One of the most significant overarching trends to occur among businesses in recent years has been the the pursuit of data-driven cultures. Of course, information has always been critical for organizations of all kinds. However, the rise of big data and the proliferation of analytics solutions have made it possible for employees in virtually every field to potentially implement better-informed strategies.
And business leaders in particular are taking note. In a recent interview with The New York Times, writer and entrepreneur Alistair Croll explained that "[i]n the past, a leader was someone who could get you to do stuff in the absence of information. Now it's the person who can ask the best question about what's going on, and find an answer."
Yet just because this potential exists does not mean that firms can easily achieve the goal of developing a data-driven culture. To reach this objective, businesses must follow a number of critical guidelines.
Here are three keys to developing a data-driven culture.
1. Data availability
This may seem straightforward, but it is actually one of the more challenging aspects of developing a data-driven culture. Firms need to develop methods not only for ensuring that all relevant employees have access to critical data, but also ensure that information remains secure at all times.
The reason why this is such a challenge is because of the very nature of big data, which lies at the heart of virtually all of these initiatives. Big data is both unstructured and much more expensive than traditional data sets. As a result, legacy data migration solutions simply cannot handle the big data needs of many companies. Delays and other inefficiencies will develop, undermining the value of the data itself and preventing a firm from becoming truly data-driven.
Furthermore, these legacy solutions are not able to offer sufficient security to big data sets as they are being sent and received by personnel within the company. Because big data is typically collected and created from a wide range of sources, thereby necessitating the regular distribution of big data sets.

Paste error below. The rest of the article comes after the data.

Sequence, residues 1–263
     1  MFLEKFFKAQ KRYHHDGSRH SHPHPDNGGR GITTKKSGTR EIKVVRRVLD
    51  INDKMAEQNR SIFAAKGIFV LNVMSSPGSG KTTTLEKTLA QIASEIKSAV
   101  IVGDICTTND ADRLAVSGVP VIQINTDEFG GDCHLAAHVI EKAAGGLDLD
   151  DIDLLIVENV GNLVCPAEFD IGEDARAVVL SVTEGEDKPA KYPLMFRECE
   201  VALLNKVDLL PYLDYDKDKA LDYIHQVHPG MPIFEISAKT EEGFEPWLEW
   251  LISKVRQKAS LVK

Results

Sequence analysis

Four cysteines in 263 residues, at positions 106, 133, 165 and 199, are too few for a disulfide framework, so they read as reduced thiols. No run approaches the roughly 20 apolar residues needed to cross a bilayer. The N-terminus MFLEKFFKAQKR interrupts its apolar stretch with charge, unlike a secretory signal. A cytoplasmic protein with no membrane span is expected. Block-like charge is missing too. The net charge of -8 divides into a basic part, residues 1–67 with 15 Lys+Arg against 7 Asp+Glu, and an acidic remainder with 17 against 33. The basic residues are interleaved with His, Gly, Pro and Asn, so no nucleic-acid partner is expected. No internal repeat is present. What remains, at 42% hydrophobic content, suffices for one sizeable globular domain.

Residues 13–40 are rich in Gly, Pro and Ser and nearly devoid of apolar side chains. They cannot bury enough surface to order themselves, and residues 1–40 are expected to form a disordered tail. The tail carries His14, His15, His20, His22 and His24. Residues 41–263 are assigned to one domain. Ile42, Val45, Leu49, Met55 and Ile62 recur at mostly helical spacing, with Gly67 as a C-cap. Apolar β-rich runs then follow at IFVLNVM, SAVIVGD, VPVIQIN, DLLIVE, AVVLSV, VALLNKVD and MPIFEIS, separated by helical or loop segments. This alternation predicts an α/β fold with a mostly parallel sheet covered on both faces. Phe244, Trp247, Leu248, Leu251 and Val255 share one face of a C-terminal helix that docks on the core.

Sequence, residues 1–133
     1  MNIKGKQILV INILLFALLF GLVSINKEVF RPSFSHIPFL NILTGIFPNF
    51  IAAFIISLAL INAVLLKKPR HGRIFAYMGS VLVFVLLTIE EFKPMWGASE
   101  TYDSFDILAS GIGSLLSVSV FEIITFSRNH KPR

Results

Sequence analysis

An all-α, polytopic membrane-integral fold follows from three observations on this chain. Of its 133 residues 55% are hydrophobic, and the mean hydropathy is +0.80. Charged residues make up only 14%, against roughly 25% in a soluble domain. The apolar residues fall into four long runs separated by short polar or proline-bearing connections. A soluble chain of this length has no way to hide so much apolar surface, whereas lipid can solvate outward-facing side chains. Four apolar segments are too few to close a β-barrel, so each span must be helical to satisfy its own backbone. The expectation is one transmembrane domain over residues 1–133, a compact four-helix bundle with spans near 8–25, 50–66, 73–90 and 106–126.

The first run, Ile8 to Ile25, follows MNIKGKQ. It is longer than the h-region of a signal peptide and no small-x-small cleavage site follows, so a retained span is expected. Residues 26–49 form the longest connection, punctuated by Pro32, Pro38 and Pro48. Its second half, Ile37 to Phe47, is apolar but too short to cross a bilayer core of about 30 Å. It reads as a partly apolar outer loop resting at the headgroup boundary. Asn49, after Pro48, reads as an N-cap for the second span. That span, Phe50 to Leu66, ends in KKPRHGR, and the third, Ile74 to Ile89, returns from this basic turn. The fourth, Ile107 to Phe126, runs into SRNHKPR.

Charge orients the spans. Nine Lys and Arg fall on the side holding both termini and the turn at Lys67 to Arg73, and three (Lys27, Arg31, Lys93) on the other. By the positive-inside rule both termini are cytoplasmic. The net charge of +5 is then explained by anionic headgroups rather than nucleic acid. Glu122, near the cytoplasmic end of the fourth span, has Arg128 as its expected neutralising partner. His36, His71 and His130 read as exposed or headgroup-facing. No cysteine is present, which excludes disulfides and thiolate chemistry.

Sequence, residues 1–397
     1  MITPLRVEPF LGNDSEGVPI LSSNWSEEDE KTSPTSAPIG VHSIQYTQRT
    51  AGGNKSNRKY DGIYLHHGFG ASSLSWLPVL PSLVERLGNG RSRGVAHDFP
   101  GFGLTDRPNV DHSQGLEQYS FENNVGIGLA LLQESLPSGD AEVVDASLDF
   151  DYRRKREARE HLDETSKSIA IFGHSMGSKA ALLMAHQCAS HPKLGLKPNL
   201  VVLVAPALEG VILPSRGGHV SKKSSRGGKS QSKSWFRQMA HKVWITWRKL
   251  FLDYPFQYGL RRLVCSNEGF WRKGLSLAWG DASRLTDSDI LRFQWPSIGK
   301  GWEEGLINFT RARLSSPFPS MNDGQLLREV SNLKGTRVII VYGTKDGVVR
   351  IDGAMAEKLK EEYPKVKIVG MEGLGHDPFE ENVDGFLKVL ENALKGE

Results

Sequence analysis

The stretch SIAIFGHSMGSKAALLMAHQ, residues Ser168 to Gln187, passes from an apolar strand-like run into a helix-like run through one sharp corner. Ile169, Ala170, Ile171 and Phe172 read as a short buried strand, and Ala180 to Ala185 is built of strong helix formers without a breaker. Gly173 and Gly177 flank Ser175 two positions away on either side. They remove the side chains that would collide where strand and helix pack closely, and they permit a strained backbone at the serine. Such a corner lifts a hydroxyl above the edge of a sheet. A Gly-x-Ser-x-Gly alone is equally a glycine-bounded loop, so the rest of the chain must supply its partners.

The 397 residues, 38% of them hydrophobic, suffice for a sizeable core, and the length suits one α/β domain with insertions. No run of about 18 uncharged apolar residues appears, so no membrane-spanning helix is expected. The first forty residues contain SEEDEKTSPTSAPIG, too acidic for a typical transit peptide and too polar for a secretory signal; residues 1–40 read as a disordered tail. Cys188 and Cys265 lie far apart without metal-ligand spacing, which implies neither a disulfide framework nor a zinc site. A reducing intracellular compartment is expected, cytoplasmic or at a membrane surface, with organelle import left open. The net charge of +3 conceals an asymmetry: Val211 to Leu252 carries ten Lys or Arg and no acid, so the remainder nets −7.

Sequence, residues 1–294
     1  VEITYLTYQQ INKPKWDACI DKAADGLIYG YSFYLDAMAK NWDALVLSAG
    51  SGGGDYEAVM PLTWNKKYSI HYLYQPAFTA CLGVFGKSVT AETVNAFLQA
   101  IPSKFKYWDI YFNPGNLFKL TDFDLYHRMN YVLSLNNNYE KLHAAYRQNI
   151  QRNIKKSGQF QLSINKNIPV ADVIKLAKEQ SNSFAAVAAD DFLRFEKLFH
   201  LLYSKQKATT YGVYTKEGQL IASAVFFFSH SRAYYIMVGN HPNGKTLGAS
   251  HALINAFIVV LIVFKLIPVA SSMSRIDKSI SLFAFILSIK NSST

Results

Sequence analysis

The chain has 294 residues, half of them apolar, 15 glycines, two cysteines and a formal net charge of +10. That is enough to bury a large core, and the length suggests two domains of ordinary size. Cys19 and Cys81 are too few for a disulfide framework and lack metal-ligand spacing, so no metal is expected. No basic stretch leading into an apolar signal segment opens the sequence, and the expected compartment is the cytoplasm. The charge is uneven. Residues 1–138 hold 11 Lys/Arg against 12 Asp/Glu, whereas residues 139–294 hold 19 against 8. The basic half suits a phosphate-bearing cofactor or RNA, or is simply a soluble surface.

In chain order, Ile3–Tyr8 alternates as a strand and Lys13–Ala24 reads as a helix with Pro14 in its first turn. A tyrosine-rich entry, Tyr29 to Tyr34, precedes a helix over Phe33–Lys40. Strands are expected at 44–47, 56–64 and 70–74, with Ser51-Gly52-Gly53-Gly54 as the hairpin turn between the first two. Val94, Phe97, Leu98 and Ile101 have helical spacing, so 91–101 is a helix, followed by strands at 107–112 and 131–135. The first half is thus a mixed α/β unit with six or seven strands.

That is why one of the most critical components of any data-driven business culture is secure file transfer solutions that have been specifically designed to share big data throughout the organization with speed and reliability without compromising security. Without such tools in place, workers will not have access to the information they need to effectively leverage data-driven software resources.
2. Data leveraging
Assuming that big data and other information resources are available to employees, these workers will also require the actual means of leveraging the company's information resources. These include business intelligence (BI) solutions, customer relationship management (CRM) tools and more.
To see the best possible results from these solutions, it is critical for the business to choose tools that are high-quality and, crucially, easy to use. A data-driven culture depends on universal participation among employees, and this will only happen if workers view such tools as useful resources, not burdens. A tool that is difficult or time-consuming to utilize will likely undermine adoption and usage rates, thereby leading employees to rely less on data and more on guesswork.
Once the right data availability and leveraging tools are in place, it is imperative for firms to take the additional step of providing training for relevant personnel. Too often, businesses invest in technological solutions such as these, provide brief instructions for workers and then assume the matter has been settled. Without more thorough training, though, employees will likely fail to maximize these resources, and a data-driven culture will never truly take root.